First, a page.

Prioritizing Mental Health: Proposed Legislation for Absences in New York Schools

A new bill proposed in the New York State Senate, by Senator Brad Hoylman, aims to address rising levels of mental health disorders among teens by granting “mental health days” – that is, excused absences from school.


Elisa Ventur/ Unsplash

Across the world. high school students are experiencing record levels of stress, anxiety, and depression. The question is: what is to be done?

“Mom please, please don’t make me go!” These words are a pleading cry. These same words, familiar to overworked high school students the world over, echo through homes today, as they have for generations. When a student’s world gets bogged down, and becomes monotonous and frustrating, it’s not uncommon for that student to want a day off — a moment to breathe among a swell of continuous tasks and responsibilities. A new bill proposed in the New York State Senate would grant students “mental health days,” excused absences intended for a variety of reasons — perhaps relaxing after a large project or test, an appointment with a therapist, a day after a rough breakup, or a family emergency. 

This January 2023, Senator Brad Hoylman of New York’s 47th Senate District proposed bill S563, to “provide for absence from school for the mental or behavioral health of the minor.” The bill echoes similar legislation proposed in 2017 and 2019, yet the most recent proposal comes as a response to hiking levels of depression, anxiety, and mental health concerns for teens following COVID-19.  In fact, California, Illinois, Maine, and Oregon are among the states that passed legislation in the past two years, with twelve states having provisions for mental health days in total. 

Social isolation coupled with an increasingly digital age has fueled a mental health epidemic among children and teenagers. The U.S. Department of Education’s Institute of Education Sciences (IES) conducted a study that found at least 70% of public schools across the nation have reported an increase in the number of students seeking mental health services since the start of the coronavirus pandemic. Unfortunately, many schools don’t have the resources or a concrete plan to help numerous struggling students. 

Senator Hoylman views mental health days as a way to tackle this issue head-on, and reach underserved children and teenagers, silently suffering in the current system. Hoylman said, “We need to…demolish the stigma around mental health care, and do everything within our power to help kids who are struggling seek treatment. An absence from school should never be a barrier to mental health treatment for a child in New York State.”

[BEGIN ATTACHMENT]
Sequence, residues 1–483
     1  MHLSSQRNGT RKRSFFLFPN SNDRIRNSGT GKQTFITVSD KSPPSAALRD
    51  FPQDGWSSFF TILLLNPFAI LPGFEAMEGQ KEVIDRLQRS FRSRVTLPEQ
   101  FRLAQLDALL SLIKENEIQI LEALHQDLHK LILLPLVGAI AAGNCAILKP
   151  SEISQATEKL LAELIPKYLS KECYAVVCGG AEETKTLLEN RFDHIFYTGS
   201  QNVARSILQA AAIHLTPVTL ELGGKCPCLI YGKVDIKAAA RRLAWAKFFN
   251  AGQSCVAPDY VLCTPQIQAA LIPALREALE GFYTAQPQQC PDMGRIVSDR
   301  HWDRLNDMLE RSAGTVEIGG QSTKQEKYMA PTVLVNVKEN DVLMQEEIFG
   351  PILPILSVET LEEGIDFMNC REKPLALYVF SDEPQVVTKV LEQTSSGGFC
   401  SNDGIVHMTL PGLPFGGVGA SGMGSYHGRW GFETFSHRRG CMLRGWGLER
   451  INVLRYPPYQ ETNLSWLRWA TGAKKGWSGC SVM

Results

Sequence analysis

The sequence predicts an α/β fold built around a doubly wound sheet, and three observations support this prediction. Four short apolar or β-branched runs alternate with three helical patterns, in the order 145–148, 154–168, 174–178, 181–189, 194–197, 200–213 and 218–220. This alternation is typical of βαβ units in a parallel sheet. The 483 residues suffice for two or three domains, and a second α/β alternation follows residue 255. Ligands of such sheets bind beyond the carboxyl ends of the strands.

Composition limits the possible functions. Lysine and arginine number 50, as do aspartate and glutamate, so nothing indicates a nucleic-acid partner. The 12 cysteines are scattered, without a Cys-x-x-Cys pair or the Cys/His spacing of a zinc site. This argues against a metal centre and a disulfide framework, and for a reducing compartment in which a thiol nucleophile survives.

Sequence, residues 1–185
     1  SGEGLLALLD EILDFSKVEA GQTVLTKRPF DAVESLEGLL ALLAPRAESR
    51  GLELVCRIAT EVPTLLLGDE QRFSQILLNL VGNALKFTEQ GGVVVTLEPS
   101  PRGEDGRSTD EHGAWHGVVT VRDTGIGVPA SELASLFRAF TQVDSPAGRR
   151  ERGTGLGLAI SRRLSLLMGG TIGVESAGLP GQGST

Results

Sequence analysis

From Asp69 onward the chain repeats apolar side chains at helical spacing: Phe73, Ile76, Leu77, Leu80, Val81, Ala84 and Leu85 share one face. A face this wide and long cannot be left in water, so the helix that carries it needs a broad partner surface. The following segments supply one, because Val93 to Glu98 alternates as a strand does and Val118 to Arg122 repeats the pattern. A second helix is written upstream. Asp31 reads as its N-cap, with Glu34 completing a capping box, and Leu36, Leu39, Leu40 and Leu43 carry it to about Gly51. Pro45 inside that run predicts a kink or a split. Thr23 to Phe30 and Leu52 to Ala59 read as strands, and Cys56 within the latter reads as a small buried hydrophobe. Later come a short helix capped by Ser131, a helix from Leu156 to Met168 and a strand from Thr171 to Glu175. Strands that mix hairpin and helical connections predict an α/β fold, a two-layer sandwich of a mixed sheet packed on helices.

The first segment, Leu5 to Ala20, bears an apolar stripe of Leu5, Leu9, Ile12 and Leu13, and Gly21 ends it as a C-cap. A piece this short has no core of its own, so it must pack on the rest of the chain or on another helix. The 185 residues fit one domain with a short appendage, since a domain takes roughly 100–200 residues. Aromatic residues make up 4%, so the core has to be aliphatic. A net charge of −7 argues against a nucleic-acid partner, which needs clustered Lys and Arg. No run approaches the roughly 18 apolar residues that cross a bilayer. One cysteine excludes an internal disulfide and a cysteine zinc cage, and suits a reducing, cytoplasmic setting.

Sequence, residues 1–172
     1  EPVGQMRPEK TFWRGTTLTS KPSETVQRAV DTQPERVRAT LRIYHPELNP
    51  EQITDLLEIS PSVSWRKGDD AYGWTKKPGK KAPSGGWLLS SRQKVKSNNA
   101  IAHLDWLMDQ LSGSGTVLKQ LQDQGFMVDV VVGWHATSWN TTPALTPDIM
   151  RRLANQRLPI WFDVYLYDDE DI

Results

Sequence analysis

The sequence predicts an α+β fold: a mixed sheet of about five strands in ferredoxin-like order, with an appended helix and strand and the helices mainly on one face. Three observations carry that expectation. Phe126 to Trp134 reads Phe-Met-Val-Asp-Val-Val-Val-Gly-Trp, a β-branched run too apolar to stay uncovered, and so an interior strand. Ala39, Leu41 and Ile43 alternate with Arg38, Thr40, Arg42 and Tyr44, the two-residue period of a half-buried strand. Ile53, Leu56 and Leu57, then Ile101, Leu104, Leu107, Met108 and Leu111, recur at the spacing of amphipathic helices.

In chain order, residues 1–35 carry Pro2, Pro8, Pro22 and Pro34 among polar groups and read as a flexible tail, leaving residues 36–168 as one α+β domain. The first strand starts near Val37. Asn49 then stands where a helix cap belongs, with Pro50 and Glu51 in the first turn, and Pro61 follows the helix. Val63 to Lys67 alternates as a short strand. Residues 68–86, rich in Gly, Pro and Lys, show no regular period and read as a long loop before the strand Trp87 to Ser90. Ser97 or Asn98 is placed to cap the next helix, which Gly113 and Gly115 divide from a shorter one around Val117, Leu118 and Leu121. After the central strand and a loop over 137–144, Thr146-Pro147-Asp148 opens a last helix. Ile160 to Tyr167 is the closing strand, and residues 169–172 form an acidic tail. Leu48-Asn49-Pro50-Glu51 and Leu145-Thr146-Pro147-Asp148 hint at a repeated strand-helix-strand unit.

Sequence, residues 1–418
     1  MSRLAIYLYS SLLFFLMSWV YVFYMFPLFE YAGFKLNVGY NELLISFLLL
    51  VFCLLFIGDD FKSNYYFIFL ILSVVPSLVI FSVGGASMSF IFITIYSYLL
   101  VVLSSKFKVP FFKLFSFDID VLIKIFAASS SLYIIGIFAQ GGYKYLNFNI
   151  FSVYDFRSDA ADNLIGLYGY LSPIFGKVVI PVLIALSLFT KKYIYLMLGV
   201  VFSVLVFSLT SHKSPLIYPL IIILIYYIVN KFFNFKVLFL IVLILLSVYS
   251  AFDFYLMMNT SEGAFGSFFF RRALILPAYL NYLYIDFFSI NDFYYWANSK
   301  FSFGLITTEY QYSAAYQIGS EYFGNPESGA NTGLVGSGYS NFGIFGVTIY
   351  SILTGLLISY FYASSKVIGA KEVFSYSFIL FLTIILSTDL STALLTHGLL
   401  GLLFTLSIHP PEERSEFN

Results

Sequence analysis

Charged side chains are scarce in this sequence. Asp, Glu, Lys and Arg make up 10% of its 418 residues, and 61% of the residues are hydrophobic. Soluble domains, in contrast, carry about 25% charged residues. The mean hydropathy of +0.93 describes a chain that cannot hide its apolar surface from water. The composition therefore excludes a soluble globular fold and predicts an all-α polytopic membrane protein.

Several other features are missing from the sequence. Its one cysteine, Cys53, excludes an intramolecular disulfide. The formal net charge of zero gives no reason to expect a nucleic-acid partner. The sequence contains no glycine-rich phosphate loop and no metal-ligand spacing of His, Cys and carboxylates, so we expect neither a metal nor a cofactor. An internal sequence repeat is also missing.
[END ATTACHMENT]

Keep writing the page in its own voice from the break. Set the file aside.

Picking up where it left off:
For New York, the bill is still in the early stages, currently being discussed in the Senate education committee. From then, it must be passed by the state senate and assembly, at which point the governor has the final veto power.

The bill addresses a controversial topic; different groups have varying takes on the efficacy of mental health days. Students overwhelmingly, and unsurprisingly, tend to be in support. A non-profit group, Mental Health America, found more than half of surveyed teenagers reported that a break from school would be one of the top three most beneficial steps in improving their mental health. However, a break from school might mean more to students than one or two days off. More specifically, a Harris Poll of more than 1,500 teenagers found 78 percent agreed that schools should support or provide mental health absences.

While it may seem that parents would not support their kids skipping school, that is often not the case. A survey from Very Well Mind, a mental health publication of 1,000 parents from across the nation, reports clear support among parents and guardians. 56% of parents have let their kids take a mental health day in the past and another 32% would consider it. Across the board, 74% of parents believe that schools should offer mental health days. 

Even with this, not all parents are easily allowing their kids a free day off school. For several students, parents may be the primary barrier to taking a day off, even if they are legitimately sick. While this bill might make these absences acceptable, parents are not guaranteed to get on board.

The specifics of mental health days in the proposed bill are quite vague. When a student takes a mental health day and claims it as an excused absence, there is no doctor’s note to turn in, there is no board of jurors, and there is no one deciding what grounds constitute a mental health day. In many ways, if students claim they took a mental health day, even if they just stay home to watch TV, that absence can be excused, whatever that may mean to them.

Alma Arazi ’25 said, “I think the only issue with student mental health days is they could easily be abused. Students could say, ‘Let’s all take our excused absences today and go to Coney Island.’ Teenagers, impulsive and occasionally reckless, may take any opportunity they get to ditch school and party.